The Círculos concept has officially been granted super school status by the XQ Institute with a win of 2.5 million dollars to back the super school concept within SAUSD. Obviously, there are some great stories to tell about how we got here and the amazing team members and collaborators who made it possible. But to start I would like to share the key design elements of our Círculos model.
It would have been easy to respond to the invitation to “Rethink High School” with a Jetson’s-like school of the future. Instead, we wanted a school that could blend state of the art instructional practices with an authentic connection to the values and identity of community. From its Spanish name to integrating community partners to incorporating circle discussion practices and protocols, Círculos is a school reflecting the tremendous assets of the Santa Ana community.
Our Manera de Ser, or “way of being,” outlines the habits of mind and cognitive skills that we envision for all our graduates. These ways of being are defined by the 6 C’s – Courageous, Critical, Capable, Creative, Curious, and Communicative. We aspire to develop students who go on to the college and life with a broad set of skills and a growth oriented mindset that will allow them to pursue their goals, learn from their mistakes, and persevere en route to success. These are the types of skills help to define what being a Santanero means. We want students who are deeply proud of their identity, heritage – and that inherent sense of belonging.
Our Signature Pedagogy
The name of the school captures the spirit of the endeavor – Círculos is the circle. We take our inspiration from a variety of sources, from the well-known classroom practice of Socratic Seminars, to the emerging role of circles in establishing Restorative Practices on our own school campuses, to the discussion protocols shared by some of the most prestigious private schools in our country. We want academic discourse, and we want a lot of it. We want authentic connection between teachers and students and community members every single day.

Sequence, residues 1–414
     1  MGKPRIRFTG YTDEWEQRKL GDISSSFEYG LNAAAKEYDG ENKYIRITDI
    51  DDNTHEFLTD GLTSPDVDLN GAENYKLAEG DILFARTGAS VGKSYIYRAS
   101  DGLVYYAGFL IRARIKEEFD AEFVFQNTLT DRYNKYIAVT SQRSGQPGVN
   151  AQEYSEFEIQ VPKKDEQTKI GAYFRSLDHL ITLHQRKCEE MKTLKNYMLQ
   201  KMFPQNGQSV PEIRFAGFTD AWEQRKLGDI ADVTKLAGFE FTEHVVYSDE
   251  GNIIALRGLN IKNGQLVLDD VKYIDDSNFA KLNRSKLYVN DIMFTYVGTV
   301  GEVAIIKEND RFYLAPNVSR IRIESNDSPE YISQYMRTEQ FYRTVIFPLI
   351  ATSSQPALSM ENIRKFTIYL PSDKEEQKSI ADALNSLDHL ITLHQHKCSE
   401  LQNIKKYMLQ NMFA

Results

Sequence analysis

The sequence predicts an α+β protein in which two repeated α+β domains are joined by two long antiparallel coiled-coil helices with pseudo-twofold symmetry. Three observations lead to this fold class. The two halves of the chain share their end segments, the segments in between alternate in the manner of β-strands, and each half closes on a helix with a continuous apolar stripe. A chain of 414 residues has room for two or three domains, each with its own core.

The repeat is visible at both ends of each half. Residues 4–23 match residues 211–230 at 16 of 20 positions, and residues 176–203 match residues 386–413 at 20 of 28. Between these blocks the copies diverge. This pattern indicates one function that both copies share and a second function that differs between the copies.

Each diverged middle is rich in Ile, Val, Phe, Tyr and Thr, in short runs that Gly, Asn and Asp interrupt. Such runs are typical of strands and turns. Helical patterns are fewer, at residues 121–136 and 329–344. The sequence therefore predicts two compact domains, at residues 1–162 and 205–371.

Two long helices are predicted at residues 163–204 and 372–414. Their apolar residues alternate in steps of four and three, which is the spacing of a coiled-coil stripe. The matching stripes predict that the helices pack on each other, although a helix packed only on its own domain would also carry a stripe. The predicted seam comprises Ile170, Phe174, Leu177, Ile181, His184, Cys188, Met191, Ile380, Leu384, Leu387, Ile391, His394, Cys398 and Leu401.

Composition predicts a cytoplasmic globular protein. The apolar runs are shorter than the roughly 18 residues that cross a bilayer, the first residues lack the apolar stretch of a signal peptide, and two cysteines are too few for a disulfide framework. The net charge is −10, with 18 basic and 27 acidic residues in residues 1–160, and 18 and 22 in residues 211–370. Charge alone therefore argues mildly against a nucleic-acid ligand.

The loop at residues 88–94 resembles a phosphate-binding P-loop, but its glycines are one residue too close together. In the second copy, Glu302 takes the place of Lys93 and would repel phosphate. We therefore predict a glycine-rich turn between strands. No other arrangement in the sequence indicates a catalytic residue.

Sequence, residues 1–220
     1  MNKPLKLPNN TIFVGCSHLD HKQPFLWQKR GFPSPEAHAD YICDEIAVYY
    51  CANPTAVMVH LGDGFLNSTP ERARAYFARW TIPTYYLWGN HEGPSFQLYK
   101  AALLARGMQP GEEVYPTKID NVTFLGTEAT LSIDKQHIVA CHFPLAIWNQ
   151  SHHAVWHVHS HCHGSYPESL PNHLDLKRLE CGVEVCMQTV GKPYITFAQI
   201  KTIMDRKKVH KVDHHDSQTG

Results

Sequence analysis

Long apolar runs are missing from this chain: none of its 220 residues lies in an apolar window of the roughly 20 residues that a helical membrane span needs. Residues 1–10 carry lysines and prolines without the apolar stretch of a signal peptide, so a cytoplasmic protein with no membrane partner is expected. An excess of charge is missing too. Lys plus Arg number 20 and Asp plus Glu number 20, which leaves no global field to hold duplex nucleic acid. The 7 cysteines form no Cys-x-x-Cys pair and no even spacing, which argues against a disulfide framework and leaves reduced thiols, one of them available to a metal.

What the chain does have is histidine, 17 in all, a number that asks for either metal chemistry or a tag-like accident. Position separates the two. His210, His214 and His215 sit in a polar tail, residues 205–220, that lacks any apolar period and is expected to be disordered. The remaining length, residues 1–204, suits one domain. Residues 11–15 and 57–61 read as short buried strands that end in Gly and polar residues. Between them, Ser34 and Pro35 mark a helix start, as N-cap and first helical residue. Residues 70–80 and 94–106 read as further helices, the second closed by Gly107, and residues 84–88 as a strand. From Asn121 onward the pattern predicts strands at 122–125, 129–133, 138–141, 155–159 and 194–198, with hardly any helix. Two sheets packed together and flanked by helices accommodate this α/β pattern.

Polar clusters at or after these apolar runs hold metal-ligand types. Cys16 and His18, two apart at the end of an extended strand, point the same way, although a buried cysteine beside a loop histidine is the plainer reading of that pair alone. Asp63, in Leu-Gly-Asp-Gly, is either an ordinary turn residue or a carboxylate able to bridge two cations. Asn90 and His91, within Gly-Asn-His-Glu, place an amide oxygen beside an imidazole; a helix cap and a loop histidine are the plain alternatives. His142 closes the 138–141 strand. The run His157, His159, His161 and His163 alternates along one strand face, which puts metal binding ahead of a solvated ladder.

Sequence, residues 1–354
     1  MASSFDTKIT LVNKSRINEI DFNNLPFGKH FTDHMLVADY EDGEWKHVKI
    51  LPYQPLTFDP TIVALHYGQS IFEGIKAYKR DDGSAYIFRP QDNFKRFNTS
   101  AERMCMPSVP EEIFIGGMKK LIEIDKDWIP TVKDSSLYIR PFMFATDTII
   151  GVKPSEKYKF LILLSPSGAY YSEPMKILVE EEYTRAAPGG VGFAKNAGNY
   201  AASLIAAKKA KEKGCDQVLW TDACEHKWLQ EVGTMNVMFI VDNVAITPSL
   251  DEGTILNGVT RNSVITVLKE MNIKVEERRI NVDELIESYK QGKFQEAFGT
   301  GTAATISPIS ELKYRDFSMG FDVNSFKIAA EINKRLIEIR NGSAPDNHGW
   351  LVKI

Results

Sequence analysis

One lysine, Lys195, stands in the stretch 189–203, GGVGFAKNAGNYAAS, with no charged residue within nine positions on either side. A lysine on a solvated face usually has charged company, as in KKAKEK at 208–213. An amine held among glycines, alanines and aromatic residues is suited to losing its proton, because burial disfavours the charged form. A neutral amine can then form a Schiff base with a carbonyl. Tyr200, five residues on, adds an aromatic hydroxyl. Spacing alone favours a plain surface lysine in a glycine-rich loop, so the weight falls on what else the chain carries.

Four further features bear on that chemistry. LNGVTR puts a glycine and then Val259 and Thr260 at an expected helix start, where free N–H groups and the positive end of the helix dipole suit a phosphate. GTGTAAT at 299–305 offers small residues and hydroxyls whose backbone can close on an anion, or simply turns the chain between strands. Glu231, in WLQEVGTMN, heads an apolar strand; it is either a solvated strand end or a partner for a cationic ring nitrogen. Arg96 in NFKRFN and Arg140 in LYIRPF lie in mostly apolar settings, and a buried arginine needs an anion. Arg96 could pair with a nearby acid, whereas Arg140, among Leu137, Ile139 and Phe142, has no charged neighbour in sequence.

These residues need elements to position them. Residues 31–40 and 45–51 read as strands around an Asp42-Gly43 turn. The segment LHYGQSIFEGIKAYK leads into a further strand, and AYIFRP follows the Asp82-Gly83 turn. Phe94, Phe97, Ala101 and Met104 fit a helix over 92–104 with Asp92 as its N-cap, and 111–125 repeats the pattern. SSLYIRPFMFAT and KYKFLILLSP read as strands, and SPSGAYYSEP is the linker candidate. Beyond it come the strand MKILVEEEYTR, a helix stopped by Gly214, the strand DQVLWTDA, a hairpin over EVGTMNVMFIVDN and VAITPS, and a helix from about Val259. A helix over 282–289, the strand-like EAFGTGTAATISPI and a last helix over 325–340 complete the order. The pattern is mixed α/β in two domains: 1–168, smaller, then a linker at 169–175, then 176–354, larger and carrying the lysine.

Every morning, the day begins with a circle check-in. This practice, common in some schools that practice daily advisory classes, allows students the opportunity to check-in physically and emotionally for the learning of the day. Students and adults alike share their triumphs and challenges, and offer support and solidarity. The morning circle is also the time to make public commitments to learning goals for the day, giving students a chance to articulate what it is that they will be focusing on.
Every afternoon following lunch, students gather for another circle, this time to break down a shared text. This daily commitment to textual analysis and academic discourse will deeply root students in literacy practices that will prepare them for the rigors of college coursework – a heavily text-dependent learning environment. Our students will engage in a Socratic seminar every single day. You can imagine their level of comfort engaging in sustained academic discourse after four years of daily practice.
Ambitious Place-Based Learning
Círculos will have no central campus. This is the statement that brings the ambition and unorthodox nature of the school into sharpest focus. School no longer occurs primarily within a building we call a school. We take the community and world around us as our canvas for learning. Círculos aspires to offer one of the most ambitious place-based learning environments in the country.